“If we’re dealing with a building at risk, it’s usually one that is needing to find a new use which will give it a future,” said Megson.

“We run the Buildings At Risk Register, which is a database full of buildings which are in various states of condition and risk, and part of our role as a lead public body for the historic environment is to help give advice on how those could be reused.

“So we very much see that the long-term sustainability of the building is really important, otherwise we’re going to lose it altogether.

“So we take an approach through managing change to historic buildings, which allows it to have a new use, because that is going to give it a future, rather than ending up losing a building.

“In terms of consents, the local authorities and ourselves would look at the building and the scope for change, and we’re very much about enabling that change to happen without taking away the special character of the historic building.

“For a lot of people, old buildings are the heart of their communities. They give a sense of place to that area, and often people have associations with that building as it may be where they went to school, or to church, or their town hall, but if those buildings fall into disrepair and become what is often termed an ‘eyesore’, when those buildings are re-inhabited and restored, you often see such a great response from the local people, because they have such an attachment to those buildings and they do help to give a place its own regional identity in terms of its architecture and building materials.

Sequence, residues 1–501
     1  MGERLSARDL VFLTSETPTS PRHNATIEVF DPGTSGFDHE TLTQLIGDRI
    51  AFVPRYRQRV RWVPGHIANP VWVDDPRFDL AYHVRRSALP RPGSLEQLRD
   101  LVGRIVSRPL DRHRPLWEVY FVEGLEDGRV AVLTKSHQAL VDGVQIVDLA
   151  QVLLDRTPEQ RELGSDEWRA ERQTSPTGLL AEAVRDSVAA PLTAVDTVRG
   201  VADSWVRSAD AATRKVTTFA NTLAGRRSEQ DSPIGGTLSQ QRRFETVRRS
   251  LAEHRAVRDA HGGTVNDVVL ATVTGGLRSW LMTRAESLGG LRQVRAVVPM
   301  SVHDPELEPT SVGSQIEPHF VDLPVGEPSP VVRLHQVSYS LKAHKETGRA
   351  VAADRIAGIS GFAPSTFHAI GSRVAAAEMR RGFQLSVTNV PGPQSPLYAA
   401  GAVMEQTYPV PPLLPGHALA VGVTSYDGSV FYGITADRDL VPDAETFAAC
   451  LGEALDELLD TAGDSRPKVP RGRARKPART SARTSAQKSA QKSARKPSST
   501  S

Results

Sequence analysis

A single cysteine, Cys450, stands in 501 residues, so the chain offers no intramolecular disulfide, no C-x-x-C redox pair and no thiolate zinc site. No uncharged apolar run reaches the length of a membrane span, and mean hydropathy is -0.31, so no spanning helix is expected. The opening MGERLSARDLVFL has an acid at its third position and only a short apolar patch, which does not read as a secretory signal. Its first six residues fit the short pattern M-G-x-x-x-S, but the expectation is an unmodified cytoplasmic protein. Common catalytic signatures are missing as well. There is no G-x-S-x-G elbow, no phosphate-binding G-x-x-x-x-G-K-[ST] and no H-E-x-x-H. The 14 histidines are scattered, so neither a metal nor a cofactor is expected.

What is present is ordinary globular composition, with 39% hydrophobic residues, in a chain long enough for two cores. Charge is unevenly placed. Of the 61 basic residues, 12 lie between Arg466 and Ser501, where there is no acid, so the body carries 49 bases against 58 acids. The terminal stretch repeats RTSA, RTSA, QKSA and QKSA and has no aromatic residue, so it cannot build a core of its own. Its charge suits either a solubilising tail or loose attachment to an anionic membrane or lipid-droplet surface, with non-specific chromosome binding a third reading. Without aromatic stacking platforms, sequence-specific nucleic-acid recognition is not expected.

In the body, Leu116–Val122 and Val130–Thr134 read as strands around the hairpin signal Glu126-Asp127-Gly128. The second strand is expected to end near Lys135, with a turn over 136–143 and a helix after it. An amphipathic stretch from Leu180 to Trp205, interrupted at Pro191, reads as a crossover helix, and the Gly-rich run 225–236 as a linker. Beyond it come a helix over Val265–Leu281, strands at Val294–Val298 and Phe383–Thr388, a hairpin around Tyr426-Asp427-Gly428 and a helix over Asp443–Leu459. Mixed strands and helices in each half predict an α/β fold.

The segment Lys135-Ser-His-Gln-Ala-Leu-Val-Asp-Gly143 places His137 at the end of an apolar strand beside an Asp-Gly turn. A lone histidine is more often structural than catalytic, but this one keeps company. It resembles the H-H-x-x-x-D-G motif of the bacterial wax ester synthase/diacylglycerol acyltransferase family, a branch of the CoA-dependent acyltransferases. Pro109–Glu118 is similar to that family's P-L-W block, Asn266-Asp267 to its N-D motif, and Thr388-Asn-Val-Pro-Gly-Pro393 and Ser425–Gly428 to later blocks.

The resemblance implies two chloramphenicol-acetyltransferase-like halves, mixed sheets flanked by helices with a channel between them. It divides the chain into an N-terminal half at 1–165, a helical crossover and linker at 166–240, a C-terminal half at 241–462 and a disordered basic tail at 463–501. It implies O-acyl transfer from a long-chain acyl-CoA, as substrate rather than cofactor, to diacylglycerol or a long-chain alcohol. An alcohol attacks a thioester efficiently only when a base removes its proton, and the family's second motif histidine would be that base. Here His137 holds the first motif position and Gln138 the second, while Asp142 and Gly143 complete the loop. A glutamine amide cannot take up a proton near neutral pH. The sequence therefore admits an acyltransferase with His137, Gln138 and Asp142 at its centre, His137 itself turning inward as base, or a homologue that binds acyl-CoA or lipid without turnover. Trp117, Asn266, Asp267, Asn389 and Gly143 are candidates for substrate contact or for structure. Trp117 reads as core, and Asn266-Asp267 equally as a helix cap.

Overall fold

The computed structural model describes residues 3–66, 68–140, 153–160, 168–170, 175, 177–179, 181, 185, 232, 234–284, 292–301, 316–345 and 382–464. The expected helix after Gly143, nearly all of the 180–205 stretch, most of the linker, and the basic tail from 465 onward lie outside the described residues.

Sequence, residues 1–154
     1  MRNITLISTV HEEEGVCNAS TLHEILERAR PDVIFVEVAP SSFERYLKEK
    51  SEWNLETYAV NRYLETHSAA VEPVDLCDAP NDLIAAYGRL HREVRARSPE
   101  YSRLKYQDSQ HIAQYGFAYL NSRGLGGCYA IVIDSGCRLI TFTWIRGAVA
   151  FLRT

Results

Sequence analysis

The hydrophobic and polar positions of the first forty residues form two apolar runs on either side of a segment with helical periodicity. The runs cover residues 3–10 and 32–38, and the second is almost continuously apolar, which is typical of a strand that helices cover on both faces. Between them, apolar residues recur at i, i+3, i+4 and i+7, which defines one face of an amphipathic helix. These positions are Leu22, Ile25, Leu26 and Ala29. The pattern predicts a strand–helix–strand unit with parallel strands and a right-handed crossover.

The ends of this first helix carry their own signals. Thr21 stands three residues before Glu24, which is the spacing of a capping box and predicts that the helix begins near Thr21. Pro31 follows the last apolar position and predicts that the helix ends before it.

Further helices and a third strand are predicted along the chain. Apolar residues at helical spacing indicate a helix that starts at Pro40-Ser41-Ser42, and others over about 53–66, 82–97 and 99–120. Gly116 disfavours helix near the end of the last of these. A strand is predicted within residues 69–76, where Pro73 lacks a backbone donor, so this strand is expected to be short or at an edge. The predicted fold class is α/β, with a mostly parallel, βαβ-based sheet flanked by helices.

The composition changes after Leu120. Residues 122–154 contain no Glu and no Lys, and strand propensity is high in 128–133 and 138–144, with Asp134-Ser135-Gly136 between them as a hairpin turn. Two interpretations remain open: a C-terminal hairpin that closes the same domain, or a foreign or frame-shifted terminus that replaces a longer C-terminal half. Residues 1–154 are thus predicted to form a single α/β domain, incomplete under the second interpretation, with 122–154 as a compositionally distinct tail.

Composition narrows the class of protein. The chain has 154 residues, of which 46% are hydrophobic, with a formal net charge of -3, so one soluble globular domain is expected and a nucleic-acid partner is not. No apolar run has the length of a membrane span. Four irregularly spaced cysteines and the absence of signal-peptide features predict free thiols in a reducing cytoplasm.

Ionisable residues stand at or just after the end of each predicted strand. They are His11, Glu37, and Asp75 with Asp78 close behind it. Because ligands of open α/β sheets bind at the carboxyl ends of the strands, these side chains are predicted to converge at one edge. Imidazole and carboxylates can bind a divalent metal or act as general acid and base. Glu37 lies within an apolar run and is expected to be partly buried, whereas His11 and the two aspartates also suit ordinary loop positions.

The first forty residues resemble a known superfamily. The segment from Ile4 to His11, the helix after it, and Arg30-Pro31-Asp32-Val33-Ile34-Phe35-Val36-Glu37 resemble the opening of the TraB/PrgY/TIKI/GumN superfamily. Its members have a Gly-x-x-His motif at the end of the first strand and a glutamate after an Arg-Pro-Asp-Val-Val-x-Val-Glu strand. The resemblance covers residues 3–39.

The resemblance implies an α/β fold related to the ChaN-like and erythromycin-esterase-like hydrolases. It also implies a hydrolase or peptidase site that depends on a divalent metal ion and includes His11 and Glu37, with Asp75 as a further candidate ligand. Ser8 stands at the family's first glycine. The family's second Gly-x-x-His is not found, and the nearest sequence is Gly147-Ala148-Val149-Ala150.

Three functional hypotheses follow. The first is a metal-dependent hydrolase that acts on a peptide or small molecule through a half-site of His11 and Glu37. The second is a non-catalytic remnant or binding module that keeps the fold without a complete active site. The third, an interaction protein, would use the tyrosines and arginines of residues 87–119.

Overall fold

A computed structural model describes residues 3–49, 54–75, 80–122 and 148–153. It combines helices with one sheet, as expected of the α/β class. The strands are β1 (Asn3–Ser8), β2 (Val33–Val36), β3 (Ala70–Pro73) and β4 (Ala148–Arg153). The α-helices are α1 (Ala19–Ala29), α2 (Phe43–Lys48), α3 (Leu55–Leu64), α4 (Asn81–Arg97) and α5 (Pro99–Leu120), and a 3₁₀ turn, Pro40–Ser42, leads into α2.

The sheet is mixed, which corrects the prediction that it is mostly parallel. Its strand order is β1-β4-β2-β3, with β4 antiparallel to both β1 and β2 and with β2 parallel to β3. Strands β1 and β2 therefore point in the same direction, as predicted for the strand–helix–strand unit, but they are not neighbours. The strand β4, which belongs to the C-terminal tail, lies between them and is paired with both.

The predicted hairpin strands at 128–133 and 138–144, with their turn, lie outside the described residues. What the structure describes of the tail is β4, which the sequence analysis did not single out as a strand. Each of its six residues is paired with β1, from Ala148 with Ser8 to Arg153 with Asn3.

“The other thing we do as an organisation is give capital funding to projects to bring buildings back into use. Through our grants programme we are looking at projects which will bring a building back into use, but also through that repair of that building will also bring about benefits for local people, whether that is through jobs or training in traditional skills or similar benefits. Our grants are up to £500,000 towards a repair of a historic building as part of a wider project.”

However, sometimes there is no option but to destroy an old building to make way for something new, particularly if is seriously dilapidated or unfit for reuse.

“When it comes to demolishing buildings, we would look at whether all avenues to reuse of the building have been explored, and whether it is feasible in terms of the financial aspects to keep the building,” said Megson.

“If all those tests have been met then in some cases there is no option [other than] for the loss of the building, if it has been shown that it is beyond economic repair and that all avenues to find the use have been exhausted.

“These things do happen, historic buildings do get demolished.

“If it’s a really significant building of such importance that it outweighs everything else then that might be a reason to retain it, but if it is shown that it is not possible to find a solution, an applicant makes the case for demolition and the local authority accepts that, then unless we thought the building was of national importance to stand against that then we wouldn’t.”

It’s not just demolition or overshadowing of old buildings that set conservationists’ teeth on edge. Sometimes developers will hatch a plan to modernise a beloved old building, with varying results.

Uber-nimby Prince Charles – whose backyard will one day stretch throughout the entire country – infamously resigned as patron of National Museums Scotland over the extension to its flagship museum in Edinburgh, which saw a modern wing with a prominent rotunda attached to the original Victorian building.